There has to be a better way.

(Insert gigantic Knowledge Forum advertisement here)

But really – one doesn’t need to use the KF software specifically to get their results. Look into it, but KF is like a mind map on steroids. Concepts built upon concepts, theories expressed, connections made – a ton of information sharing, research, and discovery surrounding a single topic.

Screenshot 2016-07-27 17.44.57

This is just a section of the Knowledge Forum we’ve used in my Collaborative Inquiry class. Each box represents a different note – if you click on a box – you’ll see a paragraph or two about a given idea/thought/previous note. It’s great… But this can be done on chart paper, on a bulletin board, or in student notebooks.

Great prompts for students to contribute to the web are “Did you know that…?” – this is an open invitation to share their understanding about a topic or idea. “My theory…” is another way to tease out new ideas and new thoughts.

In order to contribute and to buy-in on shared work – students need to know that they are part of a system which really does develop new knowledge. They can’t always think that someone else had the answers before them. Our classroom culture must accept the responsibility to figure out solutions to our own problems. Students need to feel free to take risks – that anything they share will be accepted – that the classroom is a safe space. Students also need to let go of “owning knowledge” – their contribution is valued, but its greatest value is provided by the context within which the rest of the class makes connections and forms understandings. We all play a part.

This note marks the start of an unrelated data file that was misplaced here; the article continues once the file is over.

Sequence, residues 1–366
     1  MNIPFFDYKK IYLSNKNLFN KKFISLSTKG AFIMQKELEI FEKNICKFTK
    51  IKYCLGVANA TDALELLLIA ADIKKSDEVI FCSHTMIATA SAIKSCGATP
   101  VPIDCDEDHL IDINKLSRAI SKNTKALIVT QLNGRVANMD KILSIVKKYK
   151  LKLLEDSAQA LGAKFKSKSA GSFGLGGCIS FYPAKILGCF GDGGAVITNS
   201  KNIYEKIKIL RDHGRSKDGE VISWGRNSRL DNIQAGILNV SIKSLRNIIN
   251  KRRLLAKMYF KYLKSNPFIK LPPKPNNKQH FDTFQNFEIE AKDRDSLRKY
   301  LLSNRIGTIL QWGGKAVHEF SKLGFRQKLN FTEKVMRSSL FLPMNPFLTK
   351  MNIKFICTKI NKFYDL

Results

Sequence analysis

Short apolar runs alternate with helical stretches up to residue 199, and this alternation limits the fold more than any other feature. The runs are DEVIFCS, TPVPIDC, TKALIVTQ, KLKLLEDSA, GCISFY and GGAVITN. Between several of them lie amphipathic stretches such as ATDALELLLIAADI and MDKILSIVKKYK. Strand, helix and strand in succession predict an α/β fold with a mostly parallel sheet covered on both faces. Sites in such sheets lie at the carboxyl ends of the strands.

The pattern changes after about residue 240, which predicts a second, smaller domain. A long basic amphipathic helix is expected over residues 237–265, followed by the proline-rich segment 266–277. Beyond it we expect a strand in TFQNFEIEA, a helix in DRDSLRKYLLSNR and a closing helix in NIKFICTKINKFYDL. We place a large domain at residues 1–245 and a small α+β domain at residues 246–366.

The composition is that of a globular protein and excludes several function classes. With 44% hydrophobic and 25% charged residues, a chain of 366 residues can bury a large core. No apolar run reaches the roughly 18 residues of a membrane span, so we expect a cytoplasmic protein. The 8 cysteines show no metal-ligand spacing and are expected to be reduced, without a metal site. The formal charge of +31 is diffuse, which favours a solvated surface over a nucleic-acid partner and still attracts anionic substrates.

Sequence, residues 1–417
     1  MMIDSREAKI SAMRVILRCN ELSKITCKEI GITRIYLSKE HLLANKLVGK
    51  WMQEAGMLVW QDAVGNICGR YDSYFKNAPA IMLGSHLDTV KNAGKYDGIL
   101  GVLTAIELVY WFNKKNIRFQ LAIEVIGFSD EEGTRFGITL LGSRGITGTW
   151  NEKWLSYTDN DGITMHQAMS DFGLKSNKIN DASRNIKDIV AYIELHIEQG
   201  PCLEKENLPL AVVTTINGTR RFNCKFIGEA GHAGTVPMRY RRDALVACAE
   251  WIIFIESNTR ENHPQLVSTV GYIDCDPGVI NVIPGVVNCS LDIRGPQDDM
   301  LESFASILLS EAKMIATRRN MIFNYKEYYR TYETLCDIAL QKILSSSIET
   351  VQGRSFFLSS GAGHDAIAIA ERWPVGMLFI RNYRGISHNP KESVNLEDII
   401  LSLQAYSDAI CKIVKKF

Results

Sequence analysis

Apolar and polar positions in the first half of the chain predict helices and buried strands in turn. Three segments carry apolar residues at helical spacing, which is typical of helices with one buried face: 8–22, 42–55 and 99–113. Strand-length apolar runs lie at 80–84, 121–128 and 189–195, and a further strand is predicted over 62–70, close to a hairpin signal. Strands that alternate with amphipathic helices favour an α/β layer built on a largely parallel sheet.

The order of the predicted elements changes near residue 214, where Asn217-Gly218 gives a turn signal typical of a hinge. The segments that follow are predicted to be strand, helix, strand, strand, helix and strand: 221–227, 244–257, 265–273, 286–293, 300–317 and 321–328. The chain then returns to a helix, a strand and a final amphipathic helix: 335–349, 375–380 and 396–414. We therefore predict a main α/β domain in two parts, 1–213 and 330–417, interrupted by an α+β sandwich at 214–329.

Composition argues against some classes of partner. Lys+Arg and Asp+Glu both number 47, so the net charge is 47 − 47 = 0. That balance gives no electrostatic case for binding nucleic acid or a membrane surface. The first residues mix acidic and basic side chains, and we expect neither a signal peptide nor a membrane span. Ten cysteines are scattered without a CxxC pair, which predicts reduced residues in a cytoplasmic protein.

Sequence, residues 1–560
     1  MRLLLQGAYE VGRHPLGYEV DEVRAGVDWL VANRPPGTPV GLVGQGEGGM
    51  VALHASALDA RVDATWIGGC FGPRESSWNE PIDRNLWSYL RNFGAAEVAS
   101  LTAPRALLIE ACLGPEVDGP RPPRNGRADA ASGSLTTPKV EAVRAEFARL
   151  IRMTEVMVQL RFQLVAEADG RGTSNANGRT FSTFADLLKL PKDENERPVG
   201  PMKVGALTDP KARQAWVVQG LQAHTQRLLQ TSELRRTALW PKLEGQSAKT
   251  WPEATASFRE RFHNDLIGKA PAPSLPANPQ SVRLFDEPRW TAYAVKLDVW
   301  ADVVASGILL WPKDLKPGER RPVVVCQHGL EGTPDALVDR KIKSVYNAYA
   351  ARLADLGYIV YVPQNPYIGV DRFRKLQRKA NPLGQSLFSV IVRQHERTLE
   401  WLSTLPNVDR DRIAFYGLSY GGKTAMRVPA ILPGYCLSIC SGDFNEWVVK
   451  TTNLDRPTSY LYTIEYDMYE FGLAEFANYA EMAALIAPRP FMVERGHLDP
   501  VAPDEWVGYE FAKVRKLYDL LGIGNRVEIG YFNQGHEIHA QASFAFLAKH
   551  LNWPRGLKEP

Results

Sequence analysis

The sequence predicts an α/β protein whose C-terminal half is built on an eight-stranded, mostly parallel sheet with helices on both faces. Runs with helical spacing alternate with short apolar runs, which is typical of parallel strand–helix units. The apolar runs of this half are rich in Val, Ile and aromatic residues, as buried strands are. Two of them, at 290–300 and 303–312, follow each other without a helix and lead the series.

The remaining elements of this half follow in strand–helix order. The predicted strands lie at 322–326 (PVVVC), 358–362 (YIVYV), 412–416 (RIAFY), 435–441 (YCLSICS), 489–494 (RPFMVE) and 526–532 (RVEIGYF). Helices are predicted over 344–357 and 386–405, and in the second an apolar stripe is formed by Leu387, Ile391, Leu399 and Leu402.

Soon, after sharing knowledge and ideas – the discussion becomes more organic – and students will identify gaps in their understanding. They can set out a plan to fill in those gaps. They will monitor to make sure everyone is doing their part.

I’d much rather facilitate inquiry than demonstrate it. Teachers have not been holders of knowledge for quite some time – but in order to transition to true facilitators of knowledge creation – we have to hand over control to the collective. We guide, they do the work.